Publisher
Oxford University Press
Copyright
Copyright © 2015 Society for Political Methodology
ISSN
1047-1987
eISSN
1476-4989
DOI
10.1093/pan/mpt024
Publisher site
See Article on Publisher Site

Abstract

Survey experiments are a core tool for causal inference. Yet, the design of classical survey experiments prevents them from identifying which components of a multidimensional treatment are influential. Here, we show how conjoint analysis , an experimental design yet to be widely applied in political science, enables researchers to estimate the causal effects of multiple treatment components and assess several causal hypotheses simultaneously. In conjoint analysis, respondents score a set of alternatives, where each has randomly varied attributes. Here, we undertake a formal identification analysis to integrate conjoint analysis with the potential outcomes framework for causal inference. We propose a new causal estimand and show that it can be nonparametrically identified and easily estimated from conjoint data using a fully randomized design. The analysis enables us to propose diagnostic checks for the identification assumptions. We then demonstrate the value of these techniques through empirical applications to voter decision making and attitudes toward immigrants. © The Author 2013. Published by Oxford University Press on behalf of the Society for Political Methodology. All rights reserved. For Permissions, please email: journals.permissions@oup.com « Previous | Next Article » Table of Contents This Article Political Analysis (Winter 2014) 22 (1): 1-30. doi: 10.1093/pan/mpt024 First published online: December 19, 2013 » Abstract Free Full Text (HTML) Free Full Text (PDF) Free Supplementary Data All Versions of this Article: mpt024v1 22/1/1 most recent Classifications Article Services Article metrics Alert me when cited Alert me if corrected Find similar articles Similar articles in Web of Science Add to my archive Download citation Request Permissions Citing Articles Load citing article information Citing articles via CrossRef Citing articles via Scopus Citing articles via Web of Science Citing articles via Google Scholar Google Scholar Articles by Hainmueller, J. Articles by Yamamoto, T. Search for related content Related Content Load related web page information Share Email this article CiteULike Delicious Facebook Google+ Mendeley Twitter What's this? Search this journal: Advanced » Current Issue Summer 2015 23 (3) Alert me to new issues The Journal About this journal Impact Factor Articles Special Issues Virtual Issues Editors Choice Articles Political Analysis on OUPblog Follow @polanalysis !function(d,s,id){var js,fjs=d.getElementsByTagName(s)(0),p=/^http:/.test(d.location)?'http':'https';if(!d.getElementById(id)){js=d.createElement(s);js.id=id;js.src=p+'://platform.twitter.com/widgets.js';fjs.parentNode.insertBefore(js,fjs);}}(document, 'script', 'twitter-wjs'); Political Analysis on Facebook Political Analysis Dataverse Rights & Permissions Dispatch date of the next issue We are mobile – find out more Journals Career Network Impact Factor: 4.655 5-Yr impact factor: 4.659 Published on behalf of The Society for Political Methodology and the Political Methodology Section of the American Political Science Association Editor-in-Chief R. Michael Alvarez and Jonathan N. Katz View full editorial board For Authors Instructions to authors Self-archiving Policy Online submission Alerting Services Email table of contents Email Advance Access CiteTrack XML RSS feed Corporate Services Advertising sales Reprints Supplements var taxonomies = ("SOC02270"); Most Most Read Understanding Interaction Models: Improving Empirical Analyses Estimating Voter Registration Deadline Effects with Web Search Data Measure for Measure: An Experimental Test of Online Political Media Exposure Evaluating Online Labor Markets for Experimental Research: Amazon.com's Mechanical Turk Birds of the Same Feather Tweet Together: Bayesian Ideal Point Estimation Using Twitter Data » View all Most Read articles Most Cited Understanding Interaction Models: Improving Empirical Analyses Logistic Regression in Rare Events Data Back to the Future: Modeling Time Dependence in Binary Data Matching as Nonparametric Preprocessing for Reducing Model Dependence in Parametric Causal Inference Dynamic Ideal Point Estimation via Markov Chain Monte Carlo for the U.S. Supreme Court, 1953-1999 » View all Most Cited articles Disclaimer: Please note that abstracts for content published before 1996 were created through digital scanning and may therefore not exactly replicate the text of the original print issues. All efforts have been made to ensure accuracy, but the Publisher will not be held responsible for any remaining inaccuracies. If you require any further clarification, please contact our Customer Services Department. Online ISSN 1476-4989 - Print ISSN 1047-1987 Copyright © 2015 Society for Political Methodology Oxford Journals Oxford University Press Site Map Privacy Policy Cookie Policy Legal Notices Frequently Asked Questions Other Oxford University Press sites: Oxford University Press Oxford Journals China Oxford Journals Japan Academic & Professional books Children's & Schools Books Dictionaries & Reference Dictionary of National Biography Digital Reference English Language Teaching Higher Education Textbooks International Education Unit Law Medicine Music Online Products & Publishing Oxford Bibliographies Online Oxford Dictionaries Online Oxford English Dictionary Oxford Language Dictionaries Online Oxford Scholarship Online Reference Rights and Permissions Resources for Retailers & Wholesalers Resources for the Healthcare Industry Very Short Introductions World's Classics function fnc_onDomLoaded() { var query_context = getQueryContext(); PF_initOIUnderbar(query_context,":QS:default","","JRN"); PF_insertOIUnderbar(0); }; if (window.addEventListener) { window.addEventListener('load', fnc_onDomLoaded, false); } else if (window.attachEvent) { window.attachEvent('onload', fnc_onDomLoaded); } var gaJsHost = (("https:" == document.location.protocol) ? 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Journal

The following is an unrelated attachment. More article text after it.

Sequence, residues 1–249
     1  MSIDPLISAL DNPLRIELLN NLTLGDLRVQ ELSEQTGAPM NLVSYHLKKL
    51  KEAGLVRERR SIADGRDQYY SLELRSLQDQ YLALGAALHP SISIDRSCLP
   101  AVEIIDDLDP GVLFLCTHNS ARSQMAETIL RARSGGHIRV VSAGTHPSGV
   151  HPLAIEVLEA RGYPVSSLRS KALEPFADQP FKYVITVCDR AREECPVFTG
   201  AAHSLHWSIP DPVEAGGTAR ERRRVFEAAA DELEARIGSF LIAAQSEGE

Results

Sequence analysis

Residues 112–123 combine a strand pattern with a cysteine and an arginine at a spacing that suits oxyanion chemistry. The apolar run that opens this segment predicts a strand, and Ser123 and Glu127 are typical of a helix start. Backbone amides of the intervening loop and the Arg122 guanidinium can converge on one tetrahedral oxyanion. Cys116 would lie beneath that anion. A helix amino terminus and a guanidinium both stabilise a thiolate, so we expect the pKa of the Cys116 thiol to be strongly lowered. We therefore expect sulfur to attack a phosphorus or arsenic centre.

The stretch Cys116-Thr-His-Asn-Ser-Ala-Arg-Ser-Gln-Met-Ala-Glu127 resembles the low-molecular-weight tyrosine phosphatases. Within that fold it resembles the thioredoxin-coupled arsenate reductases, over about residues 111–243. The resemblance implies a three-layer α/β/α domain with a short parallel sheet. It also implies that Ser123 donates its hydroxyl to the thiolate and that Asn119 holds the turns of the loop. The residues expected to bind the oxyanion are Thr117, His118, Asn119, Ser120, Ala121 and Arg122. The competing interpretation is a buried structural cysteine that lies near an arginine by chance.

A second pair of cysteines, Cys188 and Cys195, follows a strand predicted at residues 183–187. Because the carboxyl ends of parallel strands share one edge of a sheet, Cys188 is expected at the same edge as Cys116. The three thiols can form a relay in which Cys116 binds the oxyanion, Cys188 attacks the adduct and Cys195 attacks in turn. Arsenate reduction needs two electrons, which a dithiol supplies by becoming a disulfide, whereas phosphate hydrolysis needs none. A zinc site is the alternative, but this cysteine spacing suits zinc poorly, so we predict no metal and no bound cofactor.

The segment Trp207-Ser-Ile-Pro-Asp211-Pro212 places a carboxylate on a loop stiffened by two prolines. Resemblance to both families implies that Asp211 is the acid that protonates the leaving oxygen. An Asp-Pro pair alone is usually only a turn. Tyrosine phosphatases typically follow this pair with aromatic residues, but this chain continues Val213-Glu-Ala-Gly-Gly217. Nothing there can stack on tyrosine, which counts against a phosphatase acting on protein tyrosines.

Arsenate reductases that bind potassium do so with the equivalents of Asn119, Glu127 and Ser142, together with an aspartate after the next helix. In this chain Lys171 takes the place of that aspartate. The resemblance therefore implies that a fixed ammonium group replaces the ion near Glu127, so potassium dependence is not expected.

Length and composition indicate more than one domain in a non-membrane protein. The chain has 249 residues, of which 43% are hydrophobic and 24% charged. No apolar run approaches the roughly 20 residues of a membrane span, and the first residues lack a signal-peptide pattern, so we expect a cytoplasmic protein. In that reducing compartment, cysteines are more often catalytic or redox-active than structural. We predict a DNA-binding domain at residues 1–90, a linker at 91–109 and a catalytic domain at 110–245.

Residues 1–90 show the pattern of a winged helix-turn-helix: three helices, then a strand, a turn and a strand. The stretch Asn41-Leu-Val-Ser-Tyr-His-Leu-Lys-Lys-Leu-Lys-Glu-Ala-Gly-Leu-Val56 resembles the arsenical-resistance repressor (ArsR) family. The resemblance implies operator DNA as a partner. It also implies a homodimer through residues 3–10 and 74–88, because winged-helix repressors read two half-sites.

Political AnalysisOxford University Press

Published: Jan 1, 2014